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Open AccessArticle

GaIn: Human Gait Inference for Lower Limbic Prostheses for Patients Suffering from Double Trans-Femoral Amputation

Department of Data Analysis and Artificial Intelligence, Faculty of Computer Science, National Research University Higher School of Economics, 20 Myasnitskaya ulitsa, Moscow 101000, Russia
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Sensors 2018, 18(12), 4146; https://doi.org/10.3390/s18124146
Received: 24 October 2018 / Revised: 15 November 2018 / Accepted: 20 November 2018 / Published: 26 November 2018
(This article belongs to the Special Issue Wearable Sensors for Gait and Motion Analysis 2018)
Several studies have analyzed human gait data obtained from inertial gyroscope and accelerometer sensors mounted on different parts of the body. In this article, we take a step further in gait analysis and provide a methodology for predicting the movements of the legs, which can be applied in prosthesis to imitate the missing part of the leg in walking. In particular, we propose a method, called GaIn, to control non-invasive, robotic, prosthetic legs. GaIn can infer the movements of both missing shanks and feet for humans suffering from double trans-femoral amputation using biologically inspired recurrent neural networks. Predictions are performed for casual walking related activities such as walking, taking stairs, and running based on thigh movement. In our experimental tests, GaIn achieved a 4.55° prediction error for shank movements on average. However, a patient’s intention to stand up and sit down cannot be inferred from thigh movements. In fact, intention causes thigh movements while the shanks and feet remain roughly still. The GaIn system can be triggered by thigh muscle activities measured with electromyography (EMG) sensors to make robotic prosthetic legs perform standing up and sitting down actions. The GaIn system has low prediction latency and is fast and computationally inexpensive to be deployed on mobile platforms and portable devices. View Full-Text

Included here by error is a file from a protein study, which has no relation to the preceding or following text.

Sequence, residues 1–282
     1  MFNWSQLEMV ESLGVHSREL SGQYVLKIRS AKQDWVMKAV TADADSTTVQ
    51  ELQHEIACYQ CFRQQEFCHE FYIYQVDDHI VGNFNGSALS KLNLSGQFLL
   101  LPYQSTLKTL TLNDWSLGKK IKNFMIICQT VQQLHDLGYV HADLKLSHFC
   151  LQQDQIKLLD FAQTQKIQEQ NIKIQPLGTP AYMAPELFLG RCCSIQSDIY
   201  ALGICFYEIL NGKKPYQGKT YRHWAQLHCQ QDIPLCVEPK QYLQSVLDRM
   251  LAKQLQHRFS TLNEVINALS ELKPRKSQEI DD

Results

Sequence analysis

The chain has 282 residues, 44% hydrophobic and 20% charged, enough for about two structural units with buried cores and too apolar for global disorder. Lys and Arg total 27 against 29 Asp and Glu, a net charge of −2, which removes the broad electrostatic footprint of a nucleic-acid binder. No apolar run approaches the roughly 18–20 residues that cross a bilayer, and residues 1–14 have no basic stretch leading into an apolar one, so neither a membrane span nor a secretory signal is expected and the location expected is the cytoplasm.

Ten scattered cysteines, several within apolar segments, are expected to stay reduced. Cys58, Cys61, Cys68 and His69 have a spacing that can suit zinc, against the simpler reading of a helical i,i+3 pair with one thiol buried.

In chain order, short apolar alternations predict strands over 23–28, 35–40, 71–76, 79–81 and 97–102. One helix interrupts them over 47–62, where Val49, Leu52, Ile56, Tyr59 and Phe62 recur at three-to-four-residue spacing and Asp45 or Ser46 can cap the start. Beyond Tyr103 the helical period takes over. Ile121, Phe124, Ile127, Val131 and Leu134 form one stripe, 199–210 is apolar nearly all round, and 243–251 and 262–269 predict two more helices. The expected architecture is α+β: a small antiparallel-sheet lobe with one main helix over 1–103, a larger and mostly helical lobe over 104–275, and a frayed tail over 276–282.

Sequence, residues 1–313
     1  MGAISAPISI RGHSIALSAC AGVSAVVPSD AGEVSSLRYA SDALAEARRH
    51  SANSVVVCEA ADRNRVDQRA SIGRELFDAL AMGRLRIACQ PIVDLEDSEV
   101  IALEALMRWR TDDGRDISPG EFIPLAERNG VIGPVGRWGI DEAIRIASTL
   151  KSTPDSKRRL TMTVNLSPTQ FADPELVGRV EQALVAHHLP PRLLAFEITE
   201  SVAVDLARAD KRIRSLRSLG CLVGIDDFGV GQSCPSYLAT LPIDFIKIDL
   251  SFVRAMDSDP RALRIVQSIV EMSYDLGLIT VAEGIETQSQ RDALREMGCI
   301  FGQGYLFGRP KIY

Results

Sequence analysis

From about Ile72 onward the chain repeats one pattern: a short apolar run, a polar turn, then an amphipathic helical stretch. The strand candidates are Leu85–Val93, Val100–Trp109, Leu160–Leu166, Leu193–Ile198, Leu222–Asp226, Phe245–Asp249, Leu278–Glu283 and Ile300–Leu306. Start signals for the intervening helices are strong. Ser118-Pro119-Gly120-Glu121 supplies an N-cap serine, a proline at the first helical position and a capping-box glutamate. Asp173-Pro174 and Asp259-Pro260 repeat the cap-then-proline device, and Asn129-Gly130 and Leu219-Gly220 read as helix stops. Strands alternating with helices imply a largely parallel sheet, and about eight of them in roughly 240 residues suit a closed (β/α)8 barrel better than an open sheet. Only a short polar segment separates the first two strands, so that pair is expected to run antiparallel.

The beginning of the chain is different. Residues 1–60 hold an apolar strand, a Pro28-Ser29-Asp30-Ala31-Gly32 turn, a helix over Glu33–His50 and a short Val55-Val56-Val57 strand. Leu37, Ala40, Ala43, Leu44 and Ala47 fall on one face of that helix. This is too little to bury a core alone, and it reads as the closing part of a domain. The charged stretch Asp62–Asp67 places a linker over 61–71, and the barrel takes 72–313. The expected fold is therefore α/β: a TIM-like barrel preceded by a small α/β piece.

Keywords: human activity recognition; gait analysis; human gait inference; wearable sensors; limb amputation; lower limbic prosthesis; machine learning; recurrent neural networks human activity recognition; gait analysis; human gait inference; wearable sensors; limb amputation; lower limbic prosthesis; machine learning; recurrent neural networks
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Chereshnev, R.; Kertész-Farkas, A. GaIn: Human Gait Inference for Lower Limbic Prostheses for Patients Suffering from Double Trans-Femoral Amputation. Sensors 2018, 18, 4146.

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